Premier Christian Communications has released the results of a survey of 12,000 Christians in the U.K. assessing prejudice and discrimination against them. The findings are disturbing.
- 93% say Christianity is being marginalized in society
- 80% say Christianity is not given equal respect
- 67% say they are unable to be open about their faith at work
- 50% say they have experienced prejudice because of their Christian faith
- 26% say they fear they will be persecuted for being open about their faith
Tim Farron, who resigned as the head of the Liberal Democrats last month, said that "we are kidding ourselves if we think we live in a tolerant liberal society."
What is going on in the U.K. is also going on in the U.S.
The Catholic League website records an extensive example of anti-Catholic incidents, listing offenses stemming from activist organizations, the artistic community, business and the workplace, education, government, and the media. We have noted that the biggest spike in bigotry in recent years has emanated from government; it is also the most problematic venue of anti-Catholicism.
Evangelicals have also noted a surge in bigotry. The Family Research Council recently published "Hostility to Religion: The Growing Threat to Religious Liberty in the United States." It noted a 76% increase in attacks on religious liberty over the past three years.
Earlier this year, First Liberty published "Undeniable: The Survey of Hostility to Religion in America." It found there was a 133 percent increase in attacks on religious liberty over the past five years.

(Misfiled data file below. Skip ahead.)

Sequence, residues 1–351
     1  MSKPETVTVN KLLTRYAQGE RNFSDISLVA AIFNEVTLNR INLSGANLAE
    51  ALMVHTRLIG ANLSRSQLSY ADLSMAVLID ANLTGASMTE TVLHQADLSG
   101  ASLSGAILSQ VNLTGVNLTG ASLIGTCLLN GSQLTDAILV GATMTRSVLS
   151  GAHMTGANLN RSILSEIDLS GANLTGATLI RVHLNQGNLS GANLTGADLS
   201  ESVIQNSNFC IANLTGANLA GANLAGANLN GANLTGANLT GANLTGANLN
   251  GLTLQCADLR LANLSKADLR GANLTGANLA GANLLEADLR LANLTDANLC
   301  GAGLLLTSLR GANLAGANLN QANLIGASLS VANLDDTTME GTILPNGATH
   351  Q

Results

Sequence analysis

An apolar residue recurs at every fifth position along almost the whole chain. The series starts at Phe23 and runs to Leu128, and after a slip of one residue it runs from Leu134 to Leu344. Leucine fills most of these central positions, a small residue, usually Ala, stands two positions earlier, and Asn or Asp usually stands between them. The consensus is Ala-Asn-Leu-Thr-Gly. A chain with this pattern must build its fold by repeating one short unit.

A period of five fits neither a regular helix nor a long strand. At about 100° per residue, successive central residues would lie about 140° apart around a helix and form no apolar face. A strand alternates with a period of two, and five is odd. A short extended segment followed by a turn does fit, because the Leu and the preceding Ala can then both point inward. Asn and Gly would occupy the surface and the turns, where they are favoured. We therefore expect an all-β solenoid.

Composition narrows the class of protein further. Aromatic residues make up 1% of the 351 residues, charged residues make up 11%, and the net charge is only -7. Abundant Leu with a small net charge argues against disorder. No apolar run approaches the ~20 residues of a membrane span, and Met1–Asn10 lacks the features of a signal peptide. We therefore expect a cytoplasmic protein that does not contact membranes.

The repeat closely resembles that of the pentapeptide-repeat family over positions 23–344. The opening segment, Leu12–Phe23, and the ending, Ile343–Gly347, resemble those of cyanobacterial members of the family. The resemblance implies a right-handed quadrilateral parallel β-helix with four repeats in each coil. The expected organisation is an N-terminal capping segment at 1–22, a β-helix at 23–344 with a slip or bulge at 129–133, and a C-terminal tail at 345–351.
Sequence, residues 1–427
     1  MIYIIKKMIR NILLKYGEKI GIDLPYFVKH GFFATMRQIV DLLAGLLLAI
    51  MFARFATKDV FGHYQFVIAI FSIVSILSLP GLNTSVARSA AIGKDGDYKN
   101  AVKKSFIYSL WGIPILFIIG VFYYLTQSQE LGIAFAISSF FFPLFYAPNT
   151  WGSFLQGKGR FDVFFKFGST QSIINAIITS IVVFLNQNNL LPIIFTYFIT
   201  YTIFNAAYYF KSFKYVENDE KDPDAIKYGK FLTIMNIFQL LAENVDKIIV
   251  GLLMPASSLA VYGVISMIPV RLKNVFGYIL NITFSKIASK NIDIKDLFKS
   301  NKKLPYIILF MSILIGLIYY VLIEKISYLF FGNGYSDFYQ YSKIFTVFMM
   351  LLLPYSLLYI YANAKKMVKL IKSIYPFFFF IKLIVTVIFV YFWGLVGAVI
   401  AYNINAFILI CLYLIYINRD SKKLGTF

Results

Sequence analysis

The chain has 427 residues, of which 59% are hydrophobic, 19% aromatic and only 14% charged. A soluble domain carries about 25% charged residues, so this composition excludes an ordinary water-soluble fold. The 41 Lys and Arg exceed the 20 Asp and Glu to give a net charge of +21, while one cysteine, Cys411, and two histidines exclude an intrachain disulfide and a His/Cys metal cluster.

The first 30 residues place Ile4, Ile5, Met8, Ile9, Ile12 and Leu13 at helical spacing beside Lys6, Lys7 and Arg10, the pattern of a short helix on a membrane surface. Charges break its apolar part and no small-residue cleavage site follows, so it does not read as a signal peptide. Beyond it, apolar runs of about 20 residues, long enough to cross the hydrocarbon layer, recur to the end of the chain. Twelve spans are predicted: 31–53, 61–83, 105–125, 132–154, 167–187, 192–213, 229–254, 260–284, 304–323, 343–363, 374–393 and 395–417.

In February, the Public Religion Research Institute did a survey of white evangelicals and found that they believe they face more discrimination than Muslims.
What's going on? Farron is right: There is no tolerance for practicing Christians in the U.K., and the same is true in the U.S. Yet both nations prize their alleged open-mindedness. Much of the animus has to do with Christian sexual ethics: Christianity values restraint and the dominant culture in both nations values the abandonment of it.
But even this explanation is incomplete. Muslims are more in agreement with practicing Christians on sexual issues than they are with militant secularists. Yet in elite circles, the British and American high priests of tolerance are more accepting of Muslims than Christians. How can this be?
For one, Muslims are feared and Christians are not. Two, due to the corrupting influence of multiculturalism, elites in the West are more likely to embrace outsiders than they are their own, and this is especially true of practicing Christians. Three, those on the left welcome everyone who seeks to undermine the basis of Western Civilization, namely the Judeo-Christian ethos. It's a sick admixture of these three factors.
Christians in both nations need to hang tough and work together to combat anti-Christian bigotry. The alliances they forge must not be sidetracked by bigots, or by arrogant and boneheaded leaders in their own ranks who wish to crush such coalitions.
Bill Donohue is President and CEO of the Catholic League for Religious and Civil Rights, the nation's largest Catholic civil rights organization. He was awarded his Ph.D. in sociology from New York University and is the author of seven books and many articles.